Who’s The Priority? Cole, Rendon, or Strasburg

As initially reported by Jon Heyman, the Dodgers will pursue the three marquee free agents: Stephen Strasburg, Gerrit Cole, and Anthony Rendon. Each would greatly improve the team’s chances of winning the [looking up and praying to the baseball gods] World Series for the first time in my adult life. Of course, the playoffs can be a crapshoot but aside from the widespread narrative of the Nats overcoming all odds throughout the playoffs (I understand, in a way, they did) in pursuit of their first championship crown, my advanced statistically backed belief is — since 2015, the two teams in the Fall Classic represented the best baseball had to offer.

Unlike last off-season where the two most touted free agents (Harper/Machado) were sought after for their immense talent and age, this year’s top of the crop carry the former and not so much of the latter but more importantly, the proven capacity to continually perform at a high level in the postseason which Harper and Machado lacked.

The reality is, regardless of their perceived riches, if the Dodgers were to sign Stras, Cole or Rendon, it would only be one of them. And if they were to be inked by Los Angeles, it would be a far cry to how Andrew Friedman has concluded in pursuant of big-name free agents in the past. He hasn’t signed any them. Friedman has been branded as a GM who refuses to dish out mega deals. That belief exists after offering contracts north of $150 million to Zack Greinke and Bryce Harper, so the take on Friedman’s unwillingness to spend lacks veracity.

Nonetheless, I’ll attempt to figure or contemplate which of the three would suit the Dodgers need(s) best.

Stephen Strasburg

Since 2012 (his first season recording over 100 innings pitched), Strasburg has the 7th highest fWAR. Against the top 10 in fWAR since, he has the 4th lowest skill interactive ERA (SIERA) proving how effective he’s been. Unlike a lot of players, his ace-like production hasn’t faltered in the postseason. Of the pitchers with at least 5 starts in their playoff career, Strasburg has the 3rd lowest ERA (1.55 in 8 starts) behind Bill Hallahan (1.21 in 5 starts) and Sandy Koufax (0.98 in 7 starts). It’s a small sample but there’s no doubting his presence and resolve on the mound.

It’s clear what he’s capable of but there’s fear as to what he’ll demand in the open market and if the risk will outweigh the reward of signing him to such a lucrative deal. His age and injury-filled career are what has most questioning his worth. I covered in a post earlier this off-season why this shouldn’t deter teams, especially the Dodgers.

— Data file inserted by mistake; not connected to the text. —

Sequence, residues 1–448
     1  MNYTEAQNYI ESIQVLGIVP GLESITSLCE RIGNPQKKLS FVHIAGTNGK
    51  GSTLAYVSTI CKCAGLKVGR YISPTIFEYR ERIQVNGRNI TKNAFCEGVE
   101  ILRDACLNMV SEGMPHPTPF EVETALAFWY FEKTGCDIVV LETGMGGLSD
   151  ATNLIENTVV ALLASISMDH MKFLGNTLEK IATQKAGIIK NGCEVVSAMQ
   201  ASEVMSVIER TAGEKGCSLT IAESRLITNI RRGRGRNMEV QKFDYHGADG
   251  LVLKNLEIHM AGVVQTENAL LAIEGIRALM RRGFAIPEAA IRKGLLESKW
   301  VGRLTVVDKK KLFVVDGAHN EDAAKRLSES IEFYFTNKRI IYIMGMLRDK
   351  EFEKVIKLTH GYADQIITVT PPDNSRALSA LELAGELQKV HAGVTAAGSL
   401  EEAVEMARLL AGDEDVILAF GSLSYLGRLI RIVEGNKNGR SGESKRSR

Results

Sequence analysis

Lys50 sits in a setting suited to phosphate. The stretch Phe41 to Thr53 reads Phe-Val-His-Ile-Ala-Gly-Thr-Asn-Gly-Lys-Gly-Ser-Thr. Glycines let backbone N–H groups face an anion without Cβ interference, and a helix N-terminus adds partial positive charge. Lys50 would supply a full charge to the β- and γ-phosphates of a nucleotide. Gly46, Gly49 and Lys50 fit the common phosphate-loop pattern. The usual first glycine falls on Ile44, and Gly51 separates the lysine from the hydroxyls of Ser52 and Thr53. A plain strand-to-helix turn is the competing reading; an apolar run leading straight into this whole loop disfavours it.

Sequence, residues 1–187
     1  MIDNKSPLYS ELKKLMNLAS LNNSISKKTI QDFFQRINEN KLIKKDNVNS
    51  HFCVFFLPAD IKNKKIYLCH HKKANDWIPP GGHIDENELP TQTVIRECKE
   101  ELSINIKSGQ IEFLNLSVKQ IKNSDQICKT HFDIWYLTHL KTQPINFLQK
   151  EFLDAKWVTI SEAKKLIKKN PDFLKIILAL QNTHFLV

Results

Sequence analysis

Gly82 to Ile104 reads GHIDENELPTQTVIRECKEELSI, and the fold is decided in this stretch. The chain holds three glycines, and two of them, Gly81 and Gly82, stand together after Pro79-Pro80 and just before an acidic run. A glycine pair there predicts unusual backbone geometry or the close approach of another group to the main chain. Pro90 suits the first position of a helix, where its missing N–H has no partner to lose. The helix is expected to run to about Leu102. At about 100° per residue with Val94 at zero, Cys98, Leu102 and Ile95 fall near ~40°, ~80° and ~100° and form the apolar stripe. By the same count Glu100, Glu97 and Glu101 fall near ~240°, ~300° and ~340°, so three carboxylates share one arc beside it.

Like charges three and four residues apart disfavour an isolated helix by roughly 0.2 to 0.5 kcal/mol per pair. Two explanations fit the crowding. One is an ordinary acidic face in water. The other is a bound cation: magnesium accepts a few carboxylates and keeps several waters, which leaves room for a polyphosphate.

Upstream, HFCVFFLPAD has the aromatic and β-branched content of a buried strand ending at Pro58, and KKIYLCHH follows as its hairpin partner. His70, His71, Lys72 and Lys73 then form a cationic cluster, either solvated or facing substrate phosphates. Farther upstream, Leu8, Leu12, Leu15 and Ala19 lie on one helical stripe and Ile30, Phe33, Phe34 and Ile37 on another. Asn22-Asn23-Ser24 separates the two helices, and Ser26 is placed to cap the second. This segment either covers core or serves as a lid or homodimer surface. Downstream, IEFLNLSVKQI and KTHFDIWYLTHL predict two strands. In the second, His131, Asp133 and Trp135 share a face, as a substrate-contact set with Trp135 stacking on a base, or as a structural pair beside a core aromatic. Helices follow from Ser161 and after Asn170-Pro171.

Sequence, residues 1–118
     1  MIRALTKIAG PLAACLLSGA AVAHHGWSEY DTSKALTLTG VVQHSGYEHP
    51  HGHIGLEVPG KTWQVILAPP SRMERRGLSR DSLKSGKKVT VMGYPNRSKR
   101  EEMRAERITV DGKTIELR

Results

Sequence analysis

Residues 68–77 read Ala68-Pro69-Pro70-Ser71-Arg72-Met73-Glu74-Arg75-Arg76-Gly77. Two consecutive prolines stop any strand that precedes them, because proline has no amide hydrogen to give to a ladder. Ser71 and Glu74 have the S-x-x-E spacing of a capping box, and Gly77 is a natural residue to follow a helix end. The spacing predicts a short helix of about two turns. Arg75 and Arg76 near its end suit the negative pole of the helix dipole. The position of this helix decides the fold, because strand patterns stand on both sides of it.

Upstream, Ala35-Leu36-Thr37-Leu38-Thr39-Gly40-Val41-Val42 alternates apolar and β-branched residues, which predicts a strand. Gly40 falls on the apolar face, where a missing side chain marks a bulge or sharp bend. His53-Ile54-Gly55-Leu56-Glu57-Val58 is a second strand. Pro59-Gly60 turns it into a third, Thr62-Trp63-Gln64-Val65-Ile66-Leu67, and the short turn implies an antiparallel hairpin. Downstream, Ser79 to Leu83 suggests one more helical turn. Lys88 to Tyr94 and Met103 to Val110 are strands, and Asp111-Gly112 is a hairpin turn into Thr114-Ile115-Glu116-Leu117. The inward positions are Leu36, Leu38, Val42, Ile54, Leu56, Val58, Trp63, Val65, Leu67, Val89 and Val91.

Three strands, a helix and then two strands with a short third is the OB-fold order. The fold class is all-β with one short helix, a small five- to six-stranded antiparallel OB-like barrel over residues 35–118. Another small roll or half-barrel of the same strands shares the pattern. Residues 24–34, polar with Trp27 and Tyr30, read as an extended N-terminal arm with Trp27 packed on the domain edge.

The key here for Los Angeles is the length of the contract. He’s entering his age 31 season but has thrown for under 1450 career innings. I believe he can produce at least 4 ace-like seasons worthy of $35+ million per year. Extremely doable and very worth it. Ultimately, he would be less costly than the pitcher who would’ve potentially won the World Series MVP instead if Houston took the series — Gerrit Cole.

Gerrit Cole

The Southern Cali native shouldn’t encounter much push back with what he’ll demand from the team that’ll eventually sign him. Maybe his age and recency bias will be the only slight knocks against him.

He’ll begin his age 29 season in 2020 with a career 3.22 ERA during the regular season and a 2.60 ERA in 10 appearances in the playoffs. Those are impressive numbers but what will have him commanding what’s believed to be a record-setting contract is what he’s done in the last 2 seasons with the Astros.

Since 2018, only six pitchers, including Cole, have logged over 400 innings pitched. And in that time, Gerrit is ranked third ERA (2.68), FIP (2.67) and fWAR (13.4) along with the lowest SIERA (2.75) among pitchers with at least 180 innings pitched. Compare that to his previous years in Pittsburgh — ranked 62nd in ERA (3.50), 30th in FIP (3.27) and t-53rd in SIERA (3.60). A stark contrast to his recent stint with Houston.

An argument can be made that Cole’s recent success has a lot to do with Houston’s ability to develop players. That can be countered with the Pirates recent inability to do the same. Looking at how his pitching repertoire changed between the two teams, it’s easy to see how he’s flourished.

He’ll likely demand a 7+ year deal with a plus $30 million average annual value. This is the type of contract the Dodgers have steered completely away from. But if by his age 35 season the contract ends, I don’t see so much of a costly liability. That’s of course, hoping he doesn’t completely break down somehow and in the latter half of the deal he’s worth only a fraction of what he signed for. This is the sole reason that incites fear among teams that hand out long term contracts, especially with pitchers that are generally more volatile than position players.

Andrew Friedman is very disciplined when it comes to acquiring players whether it be via trade or free-agent signing. Could he somehow decide what Cole’s asking for has more potential reward than risk? Is he smart enough to parlay what essentially would be dead money if Cole doesn’t live up to the deal? Yes and yes.

Anthony Rendon

Since 2013, Anthony Rendon has the 2nd highest fWAR for third baseman in baseball. In the 31 postseason career games, he’s put up a .848 OPS which is the 3rd highest among third baseman since 2014, his first playoff appearance. In the last 7 seasons, there haven’t been any more than 12 players per year that ended with a 6.0 fWAR or better. In Rendon’s MLB career, he’s had a +6 fWAR in 4 of them including the last 3 seasons.

He just finished helping his team win a World Series. Could he now just want to cash out without worrying about playing for a team that has championship aspirations? Maybe. Most pundits speculate that Rendon could be more interested in a short contract with a high average annual value. One example of that reasoning is a remark he made after a reporter posed a question regarding his impending free agency.